Four-Day Wagyu Beef Dining Experience Comes to Eastvale

Chef+Steve+Brown+offers+certified+Hyogo+Kobe+and+A5+Wagyu+Beef+in+his+pop-up+dining+event.

Ruth Logrono

Chef Steve Brown offers certified Hyogo Kobe and A5 Wagyu Beef in his pop-up dining event.

Ruth Logrono, Journalist

From October 24-27, Chef Steve Brown will hold a limited time dining experience here in Eastvale with his restaurant, Cosecha SD. The dinner will consist of a nine-course tasting menu, featuring Wagyu beef from all over the world, as well as local seafood and produce sourced from his farms, each paired with a carefully selected wine. Each ticket costs $200, and can be purchased on his website

Steve Brown
Chef Brown next to a field of fava beans, which were featured on one of his previous menus.

The event will be held at a City-owned property located at 13200 Citrus Avenue and will serve as a pilot program for potential future use of the property, according to the City of Eastvale.

I asked Jonathan Ma, a local foodie, how he feels about the fact that a certified Wagyu chef will be coming to Eastvale. “I’m excited!” he said. “Wagyu beef is the most sought after type of beef, and to be able to indulge in it is a luxury that not many people have the chance to do.”

Robert Quinn, another local who will be attending the event, agrees. “It’s really exciting,” he said. “It’s not every day that you get to have such high quality meat like this.” 

Steve Brown
Chef Brown with a cut of Wagyu beef.

Chef Brown attended Le Cordon Bleu Culinary School after spending two-and-a-half years in Germany at the age of 18, where he found his love of food while working in a hotel kitchen. He won the KAABOO Rock’n’Chef Competition in 2016 and was nominated by EATER for San Diego Chef of the Year in 2017, shortly after the end of his Japanese Wagyu Tour in which he collaborated with many other prestigious chefs and butchers. 

Cosecha SD, which translates to “harvest” in Spanish, is a fine dining supper club and catering brand, which aims to bring quality Wagyu beef to cities across the nation. Each location’s menu is designed specially, based on the season and local ingredients. His restaurant has had a long-running tour in pop-up dining, with more dates always being added to the calendar. 

Although Cosecha SD is on the road, it has also recently opened a permanent location in the historic Keating Hotel in Gaslamp, San Diego. 


I interviewed Chef Brown some questions about himself and the event. Here is what he has to say.

You’ll be in Eastvale for four nights: is it different every night?
“Each night is pretty much the same, but our menus change on the daily based on our constant evolving creativity.”

During these dining experiences, what are your interactions with your guests like? I imagine it’s a great feeling to be able to talk with the people who eat your food and see their reactions.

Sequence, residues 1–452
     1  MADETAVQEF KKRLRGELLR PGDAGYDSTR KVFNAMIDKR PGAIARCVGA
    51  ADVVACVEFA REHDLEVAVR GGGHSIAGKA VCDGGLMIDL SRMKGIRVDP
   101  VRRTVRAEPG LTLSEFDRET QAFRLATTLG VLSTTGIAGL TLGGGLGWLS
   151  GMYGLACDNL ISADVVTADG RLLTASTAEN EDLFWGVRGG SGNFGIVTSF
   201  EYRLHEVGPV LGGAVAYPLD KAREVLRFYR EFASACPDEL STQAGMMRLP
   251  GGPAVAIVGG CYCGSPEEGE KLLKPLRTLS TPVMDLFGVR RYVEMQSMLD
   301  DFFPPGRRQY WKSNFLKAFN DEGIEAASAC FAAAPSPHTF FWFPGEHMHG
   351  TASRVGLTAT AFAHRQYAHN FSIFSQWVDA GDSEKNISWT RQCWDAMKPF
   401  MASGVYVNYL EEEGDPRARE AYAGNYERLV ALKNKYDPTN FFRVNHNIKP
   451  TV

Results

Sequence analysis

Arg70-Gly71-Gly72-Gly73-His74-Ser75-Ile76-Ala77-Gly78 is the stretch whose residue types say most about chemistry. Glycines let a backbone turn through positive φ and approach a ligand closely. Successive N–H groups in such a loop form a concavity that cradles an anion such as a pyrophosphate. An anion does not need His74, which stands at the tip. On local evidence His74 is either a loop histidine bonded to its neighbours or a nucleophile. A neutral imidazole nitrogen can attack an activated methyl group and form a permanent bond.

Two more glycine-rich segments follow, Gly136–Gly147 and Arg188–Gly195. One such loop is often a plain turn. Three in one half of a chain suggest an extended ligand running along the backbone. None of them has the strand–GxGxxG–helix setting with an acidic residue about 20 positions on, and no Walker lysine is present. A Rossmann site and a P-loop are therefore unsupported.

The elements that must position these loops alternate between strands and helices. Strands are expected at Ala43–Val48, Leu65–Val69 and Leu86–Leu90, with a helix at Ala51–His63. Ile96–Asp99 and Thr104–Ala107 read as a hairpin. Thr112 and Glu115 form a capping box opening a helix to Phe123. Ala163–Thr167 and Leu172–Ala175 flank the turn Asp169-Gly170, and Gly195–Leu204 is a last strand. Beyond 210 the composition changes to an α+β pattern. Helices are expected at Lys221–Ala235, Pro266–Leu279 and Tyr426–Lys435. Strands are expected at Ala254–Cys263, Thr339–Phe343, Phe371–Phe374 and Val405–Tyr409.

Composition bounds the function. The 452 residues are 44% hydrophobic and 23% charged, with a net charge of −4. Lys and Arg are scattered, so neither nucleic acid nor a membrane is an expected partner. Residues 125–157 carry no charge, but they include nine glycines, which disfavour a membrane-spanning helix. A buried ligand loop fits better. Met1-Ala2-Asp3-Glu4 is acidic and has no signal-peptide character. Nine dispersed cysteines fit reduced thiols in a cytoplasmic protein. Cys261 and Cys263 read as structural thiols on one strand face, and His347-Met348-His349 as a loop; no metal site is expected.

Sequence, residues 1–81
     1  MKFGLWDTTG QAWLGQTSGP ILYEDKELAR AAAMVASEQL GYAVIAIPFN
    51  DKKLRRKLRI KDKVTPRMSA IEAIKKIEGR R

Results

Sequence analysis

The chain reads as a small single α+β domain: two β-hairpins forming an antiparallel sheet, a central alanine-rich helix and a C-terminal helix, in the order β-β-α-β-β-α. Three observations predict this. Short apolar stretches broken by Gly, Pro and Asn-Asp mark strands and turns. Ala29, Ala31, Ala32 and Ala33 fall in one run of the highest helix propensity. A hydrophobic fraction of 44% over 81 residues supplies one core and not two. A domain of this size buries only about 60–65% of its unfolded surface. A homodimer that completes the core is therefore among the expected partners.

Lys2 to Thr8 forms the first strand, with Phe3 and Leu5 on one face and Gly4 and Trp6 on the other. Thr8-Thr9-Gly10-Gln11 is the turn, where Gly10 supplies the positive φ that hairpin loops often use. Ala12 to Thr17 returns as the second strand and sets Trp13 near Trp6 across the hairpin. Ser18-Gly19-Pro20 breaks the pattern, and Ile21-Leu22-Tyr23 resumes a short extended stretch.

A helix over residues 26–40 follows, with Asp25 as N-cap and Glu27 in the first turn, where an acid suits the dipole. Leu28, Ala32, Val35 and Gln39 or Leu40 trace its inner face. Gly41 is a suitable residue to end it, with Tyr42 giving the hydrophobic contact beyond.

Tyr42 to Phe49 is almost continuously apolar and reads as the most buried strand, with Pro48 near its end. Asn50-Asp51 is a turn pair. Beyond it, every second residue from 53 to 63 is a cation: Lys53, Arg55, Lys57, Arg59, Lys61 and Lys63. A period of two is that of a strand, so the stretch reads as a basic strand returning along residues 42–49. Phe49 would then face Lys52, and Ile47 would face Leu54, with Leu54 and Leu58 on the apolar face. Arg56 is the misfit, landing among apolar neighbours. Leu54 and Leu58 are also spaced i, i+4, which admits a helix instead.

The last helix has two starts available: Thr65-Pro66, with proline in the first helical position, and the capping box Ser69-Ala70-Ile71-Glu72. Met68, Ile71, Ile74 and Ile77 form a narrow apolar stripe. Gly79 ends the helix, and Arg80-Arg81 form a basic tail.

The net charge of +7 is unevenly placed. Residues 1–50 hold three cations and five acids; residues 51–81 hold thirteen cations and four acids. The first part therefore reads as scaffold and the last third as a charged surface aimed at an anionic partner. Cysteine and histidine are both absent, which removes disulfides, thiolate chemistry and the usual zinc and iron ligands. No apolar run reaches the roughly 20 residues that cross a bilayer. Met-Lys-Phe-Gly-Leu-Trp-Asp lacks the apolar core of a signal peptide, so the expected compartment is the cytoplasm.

“I’m constantly entertaining our guests and explaining each dish in full detail from the inspiration and the Japanese prefecture that each cut and different wagyu came from. We call it dinner and a show. We blast my favorite hip hop that I grew up with.”

Your website says you design each menu based on the season and the local produce. Can you say anything about the ingredients you’ll be using from Eastvale?
“At this point we haven’t worked with any farmers in the area but we will be foraging for wild garnishes in the nearby river bed next to the estate.”

What is it about cooking that you enjoy the most?
“I enjoy the creative process the most and that’s why we do a tasting menu only format because it’s a multi course creative journey we get to take our guests on.”

How would you describe your cooking style? What kinds of cultures influence your cooking?
“I call my cooking farm driven modern American, obviously wagyu is our focus on tour but it’s just wagyu without the produce from the farm creating each dish based on the seasons. I have a huge European influence to my cooking. I started as a dishwasher in Germany at 18 years old and went to French culinary school. I live right at the Mexican border in SD and our farm is there as well, but obviously I also have a huge Japanese influence because of all my Japanese wagyu tours.”

Who do you think has influenced you the most in your culinary career? Is there anyone you’d ever want to work with?
“I have had so many inspirations throughout my 20+years career I couldn’t name them all; it’s pretty much everyone I have ever worked for over the years. I have met Thomas Keller many times but as an American Chef he is our man that put us on the map.”

One last thing: This Eastvale press release says you’re from the Inland Empire, but other articles say you’re from San Diego. Could you clear up that confusion?
“I was born in San Diego, that’s where I live and that’s where my entire family is from but my father moved us to Redlands as a child. I went to school in Redlands, my Dad is a Fire Captain in San Bernardino and commutes from San Diego.”